Fewer than 20% of all borrowers owed more than $40,000. Only 12% of those who attended four-year public colleges owed more than $40,000.

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How Does Medical School Work?

FILE - Dr. Keith Reisinger-Kindle, associate director of the OB-GYN residency program at Wright State University's medical school in Dayton, Ohio, leads a lecture of OB-GYN residents in the Wright State program, April 13, 2022.
FILE - Dr. Keith Reisinger-Kindle, associate director of the OB-GYN residency program at Wright State University's medical school in Dayton, Ohio, leads a lecture of OB-GYN residents in the Wright State program, April 13, 2022.

A medical education in the U.S. is long and frequently expensive. But with high average earnings, and the opportunity to save lives, many think it’s worth it.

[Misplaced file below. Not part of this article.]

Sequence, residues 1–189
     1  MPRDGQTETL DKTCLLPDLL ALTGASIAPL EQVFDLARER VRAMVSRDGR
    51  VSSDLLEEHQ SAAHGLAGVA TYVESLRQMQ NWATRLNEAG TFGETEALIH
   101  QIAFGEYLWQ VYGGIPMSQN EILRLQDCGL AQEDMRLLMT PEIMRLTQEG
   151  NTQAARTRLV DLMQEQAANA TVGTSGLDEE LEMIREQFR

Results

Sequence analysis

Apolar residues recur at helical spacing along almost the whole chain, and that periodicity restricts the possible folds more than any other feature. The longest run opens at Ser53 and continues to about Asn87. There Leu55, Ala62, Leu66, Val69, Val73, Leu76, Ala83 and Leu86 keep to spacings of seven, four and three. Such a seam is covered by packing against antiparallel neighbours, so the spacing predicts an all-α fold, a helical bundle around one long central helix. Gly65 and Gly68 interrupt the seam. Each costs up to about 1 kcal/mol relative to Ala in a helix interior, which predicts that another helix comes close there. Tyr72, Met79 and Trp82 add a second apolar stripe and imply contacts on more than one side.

Sarah Wood explains the basics of medical education for the US News & World Report. (January 2024)

Biden Cancels Federal Student Loans for Nearly 153,000 Borrowers

President Joe Biden speaks at Culver City Julian Dixon Library in Culver City, Calif., Feb. 21, 2024.
President Joe Biden speaks at Culver City Julian Dixon Library in Culver City, Calif., Feb. 21, 2024.

President Joe Biden said Wednesday that while a college degree was still a ticket to a better life, that ticket is often too expensive, as he announced he was canceling federal student loans for nearly 153,000 borrowers.

Biden, who is in the midst of a three-day campaign swing through California, made the announcement as part of a new repayment plan that offers a faster path to forgiveness, putting the spotlight on his debt cancellation efforts in his reelection campaign.